For more information on Brooks, there is the very useful Louise Brooks Society site and its accompanying blog, both maintained by Thomas Gladysz; an Italian site with information on all aspects of her career, Louise Brooks, Silent Film Star; her frank and exceptionally well written memoir Lulu in Hollywood (1982); a memorable essay, ‘The Girl With The Black Helmet’, on meeting Brooks towards the end of her life in Kenneth Tynan’s Show People; biographies by Peter Cowie and Barry Paris; and a thoughtful thread on the Nitrateville silent film disussion form commenting on her legacy.

And of course there are films – in particular look out for the Criterion edition of Pandora’s Box (which includes the Kenneth Tynan essay among its copious extras) and the Kino International edition of Diary of a Lost Girl. But catch Brooks in any of her few silent films, even in bit parts, and she lights up the screen in an extraordinary way, somehow aware of people watching her as much in 2010 as 1929. It would be hard to love Louise Brooks – all of the biographical evidence points to someone who was determinedly unlovable – but you cannot take your eyes off her. Which is what Loving Louise Brooks artfully captures.

A thief catcher

Charlie Chaplin (left) in A Thief Catcher, courtesy of Paul Gierucki and Slapsticon, via the Nitrateville discussion forum

Last year we learned of the discovery of Zepped, a previously unknown (well almost) Chaplin film, though it wasn’t a Chaplin film as such but rather some sequences and outtakes from Chaplin films intercut with actuality footage of Zeppelins and some animated sequences. It received a genuine release in 1916, and it will be interesting to see how Chaplin filmographers treat it (it hasn’t made it onto the Internet Movie Database as yet).

But now there is news of another discovery, and this is that much more exciting because it is a genuine Chaplin film, and one previously unknown.

It is known, because Chaplin himself tells us in his autobiography [update: this is incorrect – see comments], that as well as the starring roles that he played in Keystone comedies, he also played bit parts as a Keystone Kop in several pictures. However, Chaplin does not mention any titles, and despite much searching and hoping down the years, no print of a Keystone film has emerged with just such a Chaplin cameo … until now.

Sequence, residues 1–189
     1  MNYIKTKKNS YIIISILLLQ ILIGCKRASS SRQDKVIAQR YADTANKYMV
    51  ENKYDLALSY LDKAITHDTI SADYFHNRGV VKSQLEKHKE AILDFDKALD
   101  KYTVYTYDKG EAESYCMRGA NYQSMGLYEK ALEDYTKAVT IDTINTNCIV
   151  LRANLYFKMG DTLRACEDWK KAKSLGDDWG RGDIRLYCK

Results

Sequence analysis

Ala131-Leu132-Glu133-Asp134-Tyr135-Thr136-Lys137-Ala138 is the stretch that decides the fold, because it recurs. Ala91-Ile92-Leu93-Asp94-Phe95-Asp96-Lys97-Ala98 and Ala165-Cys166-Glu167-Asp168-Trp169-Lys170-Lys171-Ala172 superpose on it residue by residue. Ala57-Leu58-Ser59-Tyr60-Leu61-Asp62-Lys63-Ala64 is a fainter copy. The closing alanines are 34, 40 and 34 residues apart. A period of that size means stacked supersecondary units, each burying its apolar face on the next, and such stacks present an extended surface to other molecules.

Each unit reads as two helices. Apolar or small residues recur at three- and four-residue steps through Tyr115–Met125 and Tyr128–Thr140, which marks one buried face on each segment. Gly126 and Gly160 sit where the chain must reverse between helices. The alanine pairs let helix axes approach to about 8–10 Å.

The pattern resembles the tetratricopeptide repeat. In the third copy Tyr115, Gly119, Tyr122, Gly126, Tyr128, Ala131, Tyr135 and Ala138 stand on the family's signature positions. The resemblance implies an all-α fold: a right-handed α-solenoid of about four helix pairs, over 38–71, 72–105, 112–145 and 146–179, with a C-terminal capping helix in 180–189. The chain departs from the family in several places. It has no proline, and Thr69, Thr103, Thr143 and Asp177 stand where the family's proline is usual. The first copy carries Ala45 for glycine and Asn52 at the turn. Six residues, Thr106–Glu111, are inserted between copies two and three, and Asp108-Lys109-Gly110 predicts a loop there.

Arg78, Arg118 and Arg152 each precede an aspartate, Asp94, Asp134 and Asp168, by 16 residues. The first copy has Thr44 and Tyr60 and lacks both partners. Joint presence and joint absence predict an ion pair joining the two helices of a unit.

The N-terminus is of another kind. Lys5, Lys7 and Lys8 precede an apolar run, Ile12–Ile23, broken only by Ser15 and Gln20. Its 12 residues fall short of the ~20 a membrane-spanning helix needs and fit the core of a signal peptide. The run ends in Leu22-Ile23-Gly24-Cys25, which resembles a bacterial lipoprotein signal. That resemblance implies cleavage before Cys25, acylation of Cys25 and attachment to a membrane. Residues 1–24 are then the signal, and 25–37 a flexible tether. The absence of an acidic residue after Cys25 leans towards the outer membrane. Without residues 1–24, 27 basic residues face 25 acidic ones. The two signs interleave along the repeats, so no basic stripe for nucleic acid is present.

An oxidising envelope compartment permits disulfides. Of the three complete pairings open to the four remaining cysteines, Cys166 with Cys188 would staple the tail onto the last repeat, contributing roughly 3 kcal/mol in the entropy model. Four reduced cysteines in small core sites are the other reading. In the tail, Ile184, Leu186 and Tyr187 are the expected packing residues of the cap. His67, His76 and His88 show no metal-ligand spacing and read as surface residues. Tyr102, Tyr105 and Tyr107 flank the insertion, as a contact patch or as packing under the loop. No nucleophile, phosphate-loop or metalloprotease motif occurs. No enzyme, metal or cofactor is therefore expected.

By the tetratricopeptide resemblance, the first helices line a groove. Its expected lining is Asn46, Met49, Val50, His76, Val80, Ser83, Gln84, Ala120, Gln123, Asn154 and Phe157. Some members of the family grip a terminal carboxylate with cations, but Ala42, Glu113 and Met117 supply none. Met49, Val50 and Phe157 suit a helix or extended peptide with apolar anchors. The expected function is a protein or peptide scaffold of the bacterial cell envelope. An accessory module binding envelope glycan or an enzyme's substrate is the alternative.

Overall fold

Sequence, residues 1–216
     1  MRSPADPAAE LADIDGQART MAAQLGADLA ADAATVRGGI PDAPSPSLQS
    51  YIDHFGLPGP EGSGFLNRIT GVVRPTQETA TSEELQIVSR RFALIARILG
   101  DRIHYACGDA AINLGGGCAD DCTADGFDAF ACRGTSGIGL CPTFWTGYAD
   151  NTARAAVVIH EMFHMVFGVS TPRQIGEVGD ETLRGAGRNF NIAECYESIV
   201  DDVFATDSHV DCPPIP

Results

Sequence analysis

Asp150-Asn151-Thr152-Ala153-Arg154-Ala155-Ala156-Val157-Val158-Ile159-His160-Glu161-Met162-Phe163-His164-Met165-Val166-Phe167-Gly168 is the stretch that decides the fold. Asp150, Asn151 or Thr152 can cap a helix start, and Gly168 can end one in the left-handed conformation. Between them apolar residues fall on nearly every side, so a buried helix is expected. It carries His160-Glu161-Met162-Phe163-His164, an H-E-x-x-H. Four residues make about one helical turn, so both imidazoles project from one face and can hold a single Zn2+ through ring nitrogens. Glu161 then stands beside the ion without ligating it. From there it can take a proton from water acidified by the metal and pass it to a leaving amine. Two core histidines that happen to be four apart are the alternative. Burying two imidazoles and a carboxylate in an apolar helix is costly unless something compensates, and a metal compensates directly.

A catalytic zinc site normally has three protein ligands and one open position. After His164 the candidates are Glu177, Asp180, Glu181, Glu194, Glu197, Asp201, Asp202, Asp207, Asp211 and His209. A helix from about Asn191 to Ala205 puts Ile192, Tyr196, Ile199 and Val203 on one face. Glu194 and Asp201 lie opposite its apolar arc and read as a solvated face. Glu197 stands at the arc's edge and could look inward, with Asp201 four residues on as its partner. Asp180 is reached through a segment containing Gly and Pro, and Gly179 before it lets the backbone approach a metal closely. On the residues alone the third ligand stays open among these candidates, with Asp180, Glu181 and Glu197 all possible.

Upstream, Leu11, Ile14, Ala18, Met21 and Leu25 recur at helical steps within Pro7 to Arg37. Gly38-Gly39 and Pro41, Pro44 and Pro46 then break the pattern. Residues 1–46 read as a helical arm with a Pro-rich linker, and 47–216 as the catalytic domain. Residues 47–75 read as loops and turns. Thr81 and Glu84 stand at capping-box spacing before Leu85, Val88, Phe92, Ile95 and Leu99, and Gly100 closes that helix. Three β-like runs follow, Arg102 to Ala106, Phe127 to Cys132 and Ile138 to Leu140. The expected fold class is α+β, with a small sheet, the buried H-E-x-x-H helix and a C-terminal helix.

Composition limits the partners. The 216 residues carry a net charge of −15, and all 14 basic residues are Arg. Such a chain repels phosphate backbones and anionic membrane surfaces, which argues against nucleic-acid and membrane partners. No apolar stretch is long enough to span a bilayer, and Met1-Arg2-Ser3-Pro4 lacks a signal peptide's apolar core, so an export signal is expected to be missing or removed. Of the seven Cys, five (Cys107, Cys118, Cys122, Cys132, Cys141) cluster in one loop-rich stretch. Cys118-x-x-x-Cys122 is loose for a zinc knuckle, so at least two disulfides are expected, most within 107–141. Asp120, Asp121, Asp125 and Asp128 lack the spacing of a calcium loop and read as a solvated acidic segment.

To be unveiled at this year’s Slapsticon featival will be A Thief Catcher, directed by Henry Lehrman and originally released on 19 February 1914. The film stars Keystone regulars Ford Sterling, Mack Swain, Edgar Kennedy with Chaplin making what the festival press release describes as “an extended and very funny cameo as a policeman”. The press release states that the film was shot between 5 and 26 January 1914, which to judge from release dates could make it the second or third film Chaplin made at Keystone, being released just after his third starring comedy, Mabel’s Strange Predicament, issued on 9 February 1914. Chaplin’s first film was Making a Living, released 2 February 1914, his second Kid Auto Races at Venice, released 7 February and the first film in which he donned the tramp’s costume.

The print of A Thief Catcher was discovered earlier this year by sharp-eyed film preservationst Paul E. Gierucki of CineMuseum LLC. The film is to be shown at Slapsticon 2010 as part of a Chaplin Rarities Programme on Saturday 17 July at 20:00 at the Spectrum Theater in Rosslyn, Virginia. The Rarities programme will be a newly recovered reel of Chaplin outtakes from his Mutual comedies, and a new print of Chaplin’s Liberty War Loan propaganda short, The Bond (1918) featuring outtakes from that film.

A bit part is just a bit part, but this is nevertheless a significant discovery. It is more film of Chaplin, it tells us a little more about his early career in film, it confirms what he reports in his autobiography, it shows us Chaplin in his pre-tramp form, and of course it will now send archivists and collectors anxiously to check out other Keystone films for other Chaplin Kop sightings. And how long before Her Friend the Bandit (1914), the one film in which Chaplin starred to remain a lost film, is re-discovered. As we said before now, there are no lost films, just corners where we haven’t looked yet.

Update: A frame still from A Thief Catcher has now been made available by its discoverer Paul Gierucki and is reproduced at the top of this post. Interestingly Chaplin is sporting his familiar moustache, indicating that the film was made after Kid Auto Races in Venice, and that he was using the moustache even for cameos.

Lives in film no. 3 – Dan Leno

Dan Leno, from

In 1921 Charlie Chaplin returned home to Britain to an ecstatic welcome. Touring his old London haunts, however, he found one shop-owner less than overawed by his worldwide fame. Chaplin went to a photographer’s shop on Westminster Bridge Road where he recalled seeing a framed picture of his comic idol, Dan Leno. It was still there. This conversation then followed:

My name is Chaplin … You photographed me fifteen years ago. I want to buy some copies.

Oh, we destroyed the negative long ago.

Have you destroyed Mr. Leno’s negative?

No, but Mr. Leno is a famous comedian.